Mr Zikode agreed that there was very little capacity at all. He added that the dti, in conjunction with the University of Johannesburg, had developed a programme where officials from municipalities could be trained on issues of economic development. The dti had put aside a budget for the sole purpose of the training.
Ms Van Lingen noted that a number of jobs would have to be created to cater for the Cooperatives Tribunal.
Ms M Dikgale (ANC, Limpopo Province) sought clarity on the term “decent jobs” that had been used in the presentation.
Ms Van Lingen added that the research seemed to indicate that India had the largest number of coops. She suggested that the rural people in South Africa could perhaps be sent to India to learn about coops. That might reduce the mortality rate of coops and their projects in South Africa.
Mr A Nyambi (ANC, Mpumalanga) questioned why the dti was still viewing the promotion of and awareness of coops as a challenge.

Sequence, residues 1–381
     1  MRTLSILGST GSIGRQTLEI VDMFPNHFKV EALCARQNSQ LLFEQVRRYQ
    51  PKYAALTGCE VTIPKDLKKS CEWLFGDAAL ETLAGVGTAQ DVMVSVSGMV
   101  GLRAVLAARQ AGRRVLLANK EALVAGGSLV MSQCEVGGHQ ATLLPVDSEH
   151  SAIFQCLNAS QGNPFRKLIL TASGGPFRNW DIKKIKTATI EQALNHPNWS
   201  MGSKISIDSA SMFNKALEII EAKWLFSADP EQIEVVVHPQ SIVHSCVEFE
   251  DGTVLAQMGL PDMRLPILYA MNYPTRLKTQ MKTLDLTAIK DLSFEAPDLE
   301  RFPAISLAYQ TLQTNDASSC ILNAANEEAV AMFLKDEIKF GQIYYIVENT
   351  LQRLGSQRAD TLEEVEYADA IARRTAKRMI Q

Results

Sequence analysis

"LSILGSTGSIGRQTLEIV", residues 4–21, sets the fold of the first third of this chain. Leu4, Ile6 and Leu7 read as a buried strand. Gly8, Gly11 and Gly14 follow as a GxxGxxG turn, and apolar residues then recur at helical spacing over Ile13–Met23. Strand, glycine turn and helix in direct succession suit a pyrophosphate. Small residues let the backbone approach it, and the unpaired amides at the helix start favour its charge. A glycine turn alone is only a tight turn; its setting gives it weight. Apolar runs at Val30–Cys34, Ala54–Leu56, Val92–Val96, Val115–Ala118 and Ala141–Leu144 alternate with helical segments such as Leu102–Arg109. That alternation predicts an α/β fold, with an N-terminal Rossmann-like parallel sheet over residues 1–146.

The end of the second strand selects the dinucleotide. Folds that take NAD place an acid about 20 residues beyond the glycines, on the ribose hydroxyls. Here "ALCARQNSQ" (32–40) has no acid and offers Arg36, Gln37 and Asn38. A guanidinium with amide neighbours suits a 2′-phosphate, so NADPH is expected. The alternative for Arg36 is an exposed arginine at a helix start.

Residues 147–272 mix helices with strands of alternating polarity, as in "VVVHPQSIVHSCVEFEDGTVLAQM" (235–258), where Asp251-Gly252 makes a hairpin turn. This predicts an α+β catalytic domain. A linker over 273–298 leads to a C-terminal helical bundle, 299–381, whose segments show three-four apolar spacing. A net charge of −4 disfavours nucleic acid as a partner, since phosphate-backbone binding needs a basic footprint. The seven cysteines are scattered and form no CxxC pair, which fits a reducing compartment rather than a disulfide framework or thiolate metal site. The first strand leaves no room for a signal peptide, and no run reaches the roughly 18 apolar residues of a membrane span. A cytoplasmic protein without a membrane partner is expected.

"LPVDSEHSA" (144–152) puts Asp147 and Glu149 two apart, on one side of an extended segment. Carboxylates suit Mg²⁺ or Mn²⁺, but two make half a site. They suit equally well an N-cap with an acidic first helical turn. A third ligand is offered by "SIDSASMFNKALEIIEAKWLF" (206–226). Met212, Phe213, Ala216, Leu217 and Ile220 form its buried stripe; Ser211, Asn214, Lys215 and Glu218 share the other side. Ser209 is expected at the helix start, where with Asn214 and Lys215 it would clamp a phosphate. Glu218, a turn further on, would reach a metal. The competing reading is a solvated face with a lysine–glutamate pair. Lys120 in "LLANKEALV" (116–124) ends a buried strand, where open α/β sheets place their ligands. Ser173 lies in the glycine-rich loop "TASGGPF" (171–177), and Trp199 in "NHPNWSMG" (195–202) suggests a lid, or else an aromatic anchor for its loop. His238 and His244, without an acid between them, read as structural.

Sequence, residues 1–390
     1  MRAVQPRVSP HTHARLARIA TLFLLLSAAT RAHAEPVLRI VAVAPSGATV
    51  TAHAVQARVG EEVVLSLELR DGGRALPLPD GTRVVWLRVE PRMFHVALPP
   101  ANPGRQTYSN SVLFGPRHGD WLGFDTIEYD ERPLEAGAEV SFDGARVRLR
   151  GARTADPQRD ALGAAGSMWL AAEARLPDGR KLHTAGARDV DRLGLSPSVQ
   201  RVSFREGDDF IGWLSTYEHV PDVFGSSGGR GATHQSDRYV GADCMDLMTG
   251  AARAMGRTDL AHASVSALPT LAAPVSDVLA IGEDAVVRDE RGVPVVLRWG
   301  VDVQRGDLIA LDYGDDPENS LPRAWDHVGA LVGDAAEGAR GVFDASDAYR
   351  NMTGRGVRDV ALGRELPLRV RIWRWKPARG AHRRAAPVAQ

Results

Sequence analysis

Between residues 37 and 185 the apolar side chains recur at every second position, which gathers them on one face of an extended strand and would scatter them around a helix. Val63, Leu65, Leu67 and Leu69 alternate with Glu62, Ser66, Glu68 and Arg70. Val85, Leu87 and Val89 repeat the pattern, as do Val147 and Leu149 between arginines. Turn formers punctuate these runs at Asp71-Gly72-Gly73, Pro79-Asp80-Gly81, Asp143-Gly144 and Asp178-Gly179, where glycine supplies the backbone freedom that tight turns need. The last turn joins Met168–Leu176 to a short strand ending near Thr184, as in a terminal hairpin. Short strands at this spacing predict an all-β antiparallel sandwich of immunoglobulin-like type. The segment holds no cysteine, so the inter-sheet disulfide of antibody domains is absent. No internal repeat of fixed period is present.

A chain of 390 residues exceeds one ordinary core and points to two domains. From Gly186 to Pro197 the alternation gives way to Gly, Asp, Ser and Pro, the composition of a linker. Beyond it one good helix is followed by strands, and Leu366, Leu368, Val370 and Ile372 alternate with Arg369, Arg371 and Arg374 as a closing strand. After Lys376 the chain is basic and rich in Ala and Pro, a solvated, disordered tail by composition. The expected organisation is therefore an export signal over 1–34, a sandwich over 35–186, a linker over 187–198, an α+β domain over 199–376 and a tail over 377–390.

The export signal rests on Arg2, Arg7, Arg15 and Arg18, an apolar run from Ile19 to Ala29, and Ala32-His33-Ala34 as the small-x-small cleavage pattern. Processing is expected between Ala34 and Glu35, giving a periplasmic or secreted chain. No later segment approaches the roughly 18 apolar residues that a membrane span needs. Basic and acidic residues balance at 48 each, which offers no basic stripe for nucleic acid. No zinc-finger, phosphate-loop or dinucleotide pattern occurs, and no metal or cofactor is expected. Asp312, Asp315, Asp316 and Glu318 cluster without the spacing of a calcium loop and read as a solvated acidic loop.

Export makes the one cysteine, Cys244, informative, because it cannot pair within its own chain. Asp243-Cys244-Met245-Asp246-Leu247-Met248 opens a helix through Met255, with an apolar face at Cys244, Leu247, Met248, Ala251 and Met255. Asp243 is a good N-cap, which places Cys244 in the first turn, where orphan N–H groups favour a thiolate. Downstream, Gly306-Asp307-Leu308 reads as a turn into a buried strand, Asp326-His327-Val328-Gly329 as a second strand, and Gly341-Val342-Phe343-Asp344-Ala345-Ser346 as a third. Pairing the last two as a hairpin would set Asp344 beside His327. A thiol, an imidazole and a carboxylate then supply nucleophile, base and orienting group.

Mr Ndumo noted that the dti wanted to embark on massive awareness campaigns. He stressed that more awareness was necessary.
Mr K Sinclair (COPE, Northern Cape) noted that the presentation had offered a new approach to the challenges. He added that the dti must be careful not to lose its focus and still to engage with the real issues as it embarked on the turnaround strategy.
Mr Sinclair noted that the issues would be debated in the House and that the interactions would be formalised in the Government Gazette. He said that it was necessary to remember that in the past, cooperatives had formed a large part of the economic success story in South Africa. This had been at a time when the imperialist British government had oppressed the Afrikaaners. There had been a deliberate attempt to get the Afrikaners out of the trenches of poverty, and coops had played an instrumental role in achieving that aim. Whilst he heard the view of Mr Lees, he urged Members not to ignore the history of the coops. The development of rural South Africa was also built on a strategy of having effective coops.
Mr Sinclair agreed with Ms Van Lingen that the commercial banks were not developmental banks. He added that part of the success of the Indian cooperatives had been the development of a bank specifically to deal with coop issues. There needed to be more engagement regarding the success stories of coops, and suggested that this might be something to be studied usefully during a study tour.
The Chairperson suggested that it might be appropriate to undertake a study tour to Kenya.
The meeting was adjourned.